keywords = "enclaves, employment, ethnic minorities",
author = "Harminder Battu and Macdonald Mwale",
year = "2004",
month = "2",
language = "English",
series = "University of Aberdeen Business School Working Paper Series",
publisher = "Centre for European Labour Market Research",
number = "02",
type = "WorkingPaper",
institution = "Centre for European Labour Market Research",

}

TY - UNPB

T1 - Ethnic enclaves and employment in England and Wales

AU - Battu, Harminder

AU - Mwale, Macdonald

PY - 2004/2

Y1 - 2004/2

N2 - This paper examines the effects of ethnic enclaves on the employment probability of ethnic minorities living in England and Wales. Controlling for the endogeneity of residential location we find that living in a high own ethnic concentration area has no systematic effect across all ethnic groups. However, once we disaggregate we find that for some ethnic groups (Indians) enclaves seem to have a positive and significant impact on their employment probability while for other groups (Caribbeans and African-Asians), enclaves have a negative and significant impact. These results are non-trivial and are in accordance with a set of theoretical views in this literature that argue that ethnic spatial concentration can have positive as well as negative effects. The perceived disadvantages of ethnic enclaves are not omnipresent. What seem to be driving this are the differences in the quality of ethnic enclaves where Indian enclaves by being more dynamic in terms of self-employment create more jobs for others within the enclave.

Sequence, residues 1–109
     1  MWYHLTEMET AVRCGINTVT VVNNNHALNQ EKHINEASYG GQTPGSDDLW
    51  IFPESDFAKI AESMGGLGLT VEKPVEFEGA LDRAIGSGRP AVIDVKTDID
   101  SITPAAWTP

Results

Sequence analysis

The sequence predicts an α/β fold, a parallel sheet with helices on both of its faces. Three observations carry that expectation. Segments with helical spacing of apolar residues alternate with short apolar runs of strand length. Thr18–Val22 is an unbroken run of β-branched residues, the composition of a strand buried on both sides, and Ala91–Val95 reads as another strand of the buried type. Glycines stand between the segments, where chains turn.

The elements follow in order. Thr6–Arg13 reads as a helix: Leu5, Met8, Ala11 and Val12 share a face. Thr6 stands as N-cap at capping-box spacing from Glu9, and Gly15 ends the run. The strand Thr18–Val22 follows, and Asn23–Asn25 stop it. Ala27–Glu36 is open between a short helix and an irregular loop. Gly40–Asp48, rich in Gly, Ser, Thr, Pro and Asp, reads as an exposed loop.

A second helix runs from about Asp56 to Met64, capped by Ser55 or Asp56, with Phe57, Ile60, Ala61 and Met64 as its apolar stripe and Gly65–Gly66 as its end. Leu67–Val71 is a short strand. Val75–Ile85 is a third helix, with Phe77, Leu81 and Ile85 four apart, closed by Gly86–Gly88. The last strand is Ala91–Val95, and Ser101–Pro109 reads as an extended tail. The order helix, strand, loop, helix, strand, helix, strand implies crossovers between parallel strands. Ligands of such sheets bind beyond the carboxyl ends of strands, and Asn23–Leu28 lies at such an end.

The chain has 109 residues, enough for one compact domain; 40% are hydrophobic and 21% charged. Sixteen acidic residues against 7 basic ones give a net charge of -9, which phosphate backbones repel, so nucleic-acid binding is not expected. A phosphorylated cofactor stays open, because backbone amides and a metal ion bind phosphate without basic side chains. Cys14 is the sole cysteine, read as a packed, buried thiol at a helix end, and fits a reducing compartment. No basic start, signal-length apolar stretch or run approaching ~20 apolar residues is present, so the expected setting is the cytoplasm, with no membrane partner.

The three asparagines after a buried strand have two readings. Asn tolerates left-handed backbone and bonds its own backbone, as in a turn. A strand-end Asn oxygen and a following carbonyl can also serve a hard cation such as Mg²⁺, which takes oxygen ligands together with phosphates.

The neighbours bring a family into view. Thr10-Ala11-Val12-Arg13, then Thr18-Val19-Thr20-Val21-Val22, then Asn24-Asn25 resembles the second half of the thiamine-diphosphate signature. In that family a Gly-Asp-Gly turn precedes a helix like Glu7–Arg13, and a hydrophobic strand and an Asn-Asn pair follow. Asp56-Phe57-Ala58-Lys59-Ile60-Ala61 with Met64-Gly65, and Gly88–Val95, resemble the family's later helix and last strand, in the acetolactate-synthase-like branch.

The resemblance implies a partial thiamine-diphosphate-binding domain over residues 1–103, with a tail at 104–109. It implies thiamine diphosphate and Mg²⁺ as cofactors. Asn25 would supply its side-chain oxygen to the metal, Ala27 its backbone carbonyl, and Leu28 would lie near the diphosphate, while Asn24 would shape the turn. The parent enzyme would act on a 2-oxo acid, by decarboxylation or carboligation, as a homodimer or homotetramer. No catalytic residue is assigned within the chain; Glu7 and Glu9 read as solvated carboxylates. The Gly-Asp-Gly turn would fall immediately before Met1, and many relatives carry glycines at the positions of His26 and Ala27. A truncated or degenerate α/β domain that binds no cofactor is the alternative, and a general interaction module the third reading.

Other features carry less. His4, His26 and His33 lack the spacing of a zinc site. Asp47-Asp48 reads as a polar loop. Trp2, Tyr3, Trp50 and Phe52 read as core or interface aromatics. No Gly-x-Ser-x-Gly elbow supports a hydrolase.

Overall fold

AB - This paper examines the effects of ethnic enclaves on the employment probability of ethnic minorities living in England and Wales. Controlling for the endogeneity of residential location we find that living in a high own ethnic concentration area has no systematic effect across all ethnic groups. However, once we disaggregate we find that for some ethnic groups (Indians) enclaves seem to have a positive and significant impact on their employment probability while for other groups (Caribbeans and African-Asians), enclaves have a negative and significant impact. These results are non-trivial and are in accordance with a set of theoretical views in this literature that argue that ethnic spatial concentration can have positive as well as negative effects. The perceived disadvantages of ethnic enclaves are not omnipresent. What seem to be driving this are the differences in the quality of ethnic enclaves where Indian enclaves by being more dynamic in terms of self-employment create more jobs for others within the enclave.

KW - enclaves

KW - employment

KW - ethnic minorities

M3 - Discussion paper

T3 - University of Aberdeen Business School Working Paper Series

BT - Ethnic enclaves and employment in England and Wales

PB - Centre for European Labour Market Research

ER -